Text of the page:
Seattle's Bullitt Center influencing codes and public policy on sustainability

Seeking approval to be its own water district

October 27, 2014 |
The buildings design was made possible by Seattles Deep Green Pilot Program th

The Bullitt Center in Seattle, which some say is the world's "most efficient" office building is not only influencing how other structures are built, it is contributing to revisions of codes and public policy.

The building’s design was made possible by Seattle’s Deep Green Pilot Program that allows builders to deviate from standard codes to build more sustainably. For example, the building was allowed to add two to three feet to the height of each floor to allow more daylighting. Neighbors objected to the additional 10 feet in overall building height, but the program permitted the non-conforming design.

Some of the building’s code deviations have been incorporated into the city code. For instance, the city council and the mayor had to approve changes to the building code to allow permits for “sustainability features.” This move allows the building’s solar canopy to extend all the way to the property line.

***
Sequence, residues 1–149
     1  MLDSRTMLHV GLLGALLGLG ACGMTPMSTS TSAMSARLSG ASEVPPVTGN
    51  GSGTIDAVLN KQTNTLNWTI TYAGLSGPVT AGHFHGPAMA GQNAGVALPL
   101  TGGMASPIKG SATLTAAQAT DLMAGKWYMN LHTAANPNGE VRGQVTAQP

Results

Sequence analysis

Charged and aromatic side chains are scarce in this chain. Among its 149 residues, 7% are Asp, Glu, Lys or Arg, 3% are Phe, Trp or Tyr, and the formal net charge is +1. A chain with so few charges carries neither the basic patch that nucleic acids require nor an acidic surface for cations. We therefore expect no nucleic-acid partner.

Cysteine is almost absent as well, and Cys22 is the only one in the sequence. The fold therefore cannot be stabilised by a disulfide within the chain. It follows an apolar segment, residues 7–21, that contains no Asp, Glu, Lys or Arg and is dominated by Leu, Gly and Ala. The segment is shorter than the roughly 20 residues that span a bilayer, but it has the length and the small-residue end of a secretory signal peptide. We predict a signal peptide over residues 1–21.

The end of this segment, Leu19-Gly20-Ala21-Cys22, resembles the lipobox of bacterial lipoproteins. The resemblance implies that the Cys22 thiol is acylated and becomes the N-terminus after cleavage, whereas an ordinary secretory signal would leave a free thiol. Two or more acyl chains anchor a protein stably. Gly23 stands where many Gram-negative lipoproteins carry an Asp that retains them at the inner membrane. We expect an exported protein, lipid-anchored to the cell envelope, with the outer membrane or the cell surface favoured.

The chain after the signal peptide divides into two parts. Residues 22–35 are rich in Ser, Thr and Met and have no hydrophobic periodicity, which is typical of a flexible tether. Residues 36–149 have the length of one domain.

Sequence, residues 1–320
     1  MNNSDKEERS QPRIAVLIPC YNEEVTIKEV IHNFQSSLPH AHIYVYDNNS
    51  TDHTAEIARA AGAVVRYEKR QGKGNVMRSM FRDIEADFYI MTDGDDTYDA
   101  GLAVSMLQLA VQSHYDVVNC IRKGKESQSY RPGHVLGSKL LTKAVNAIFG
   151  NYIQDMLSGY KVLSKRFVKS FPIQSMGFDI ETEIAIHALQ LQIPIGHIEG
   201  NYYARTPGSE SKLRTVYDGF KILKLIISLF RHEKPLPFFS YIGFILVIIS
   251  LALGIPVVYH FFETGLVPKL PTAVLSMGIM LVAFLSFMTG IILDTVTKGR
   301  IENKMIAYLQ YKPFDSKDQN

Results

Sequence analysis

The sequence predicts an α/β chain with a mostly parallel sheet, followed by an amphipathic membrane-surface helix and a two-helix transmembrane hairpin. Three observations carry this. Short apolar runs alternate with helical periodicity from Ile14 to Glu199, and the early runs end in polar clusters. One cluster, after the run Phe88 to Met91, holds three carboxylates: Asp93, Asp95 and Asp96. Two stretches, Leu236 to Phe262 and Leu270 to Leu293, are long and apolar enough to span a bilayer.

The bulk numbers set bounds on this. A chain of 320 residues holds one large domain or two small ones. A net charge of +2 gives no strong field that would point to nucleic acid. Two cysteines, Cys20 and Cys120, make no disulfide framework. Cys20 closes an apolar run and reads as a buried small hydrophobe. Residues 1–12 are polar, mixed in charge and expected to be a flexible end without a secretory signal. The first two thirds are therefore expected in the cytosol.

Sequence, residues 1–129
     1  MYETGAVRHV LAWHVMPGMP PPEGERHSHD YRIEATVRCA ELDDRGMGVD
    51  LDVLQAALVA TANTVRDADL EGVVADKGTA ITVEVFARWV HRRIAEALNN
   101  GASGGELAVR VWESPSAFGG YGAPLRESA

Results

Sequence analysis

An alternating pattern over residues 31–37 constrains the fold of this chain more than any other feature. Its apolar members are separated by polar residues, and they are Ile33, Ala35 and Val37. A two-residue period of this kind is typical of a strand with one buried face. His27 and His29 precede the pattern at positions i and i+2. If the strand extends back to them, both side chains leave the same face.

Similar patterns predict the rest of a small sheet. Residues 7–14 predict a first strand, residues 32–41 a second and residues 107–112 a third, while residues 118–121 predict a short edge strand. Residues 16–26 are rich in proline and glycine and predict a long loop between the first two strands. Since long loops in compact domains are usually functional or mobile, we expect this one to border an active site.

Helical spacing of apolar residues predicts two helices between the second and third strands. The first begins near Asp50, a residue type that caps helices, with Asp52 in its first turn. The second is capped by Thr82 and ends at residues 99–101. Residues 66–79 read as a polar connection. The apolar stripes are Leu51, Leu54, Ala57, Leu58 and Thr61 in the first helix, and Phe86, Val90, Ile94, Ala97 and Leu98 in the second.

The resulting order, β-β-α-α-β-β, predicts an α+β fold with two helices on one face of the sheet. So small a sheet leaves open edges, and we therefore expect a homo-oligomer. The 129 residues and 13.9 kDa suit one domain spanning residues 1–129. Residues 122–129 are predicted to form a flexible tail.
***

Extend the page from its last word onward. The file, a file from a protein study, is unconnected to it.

Bullitt Foundation, the environmental group that owns the building, recently signed a first-in-the-nation agreement with the local utility that will allow the foundation to sell Seattle City Light the energy it is saving or “negawatts.” The arrangement, known as MEETS (metered energy efficiency transaction structure) could be a pioneer in drawing investment funds to energy-efficiency projects.

Bullitt is also seeking final approvals from the county and state to turn the building into its own water district. That designation would allow tenants to drink rainwater collected on site and treated in the building’s basement.


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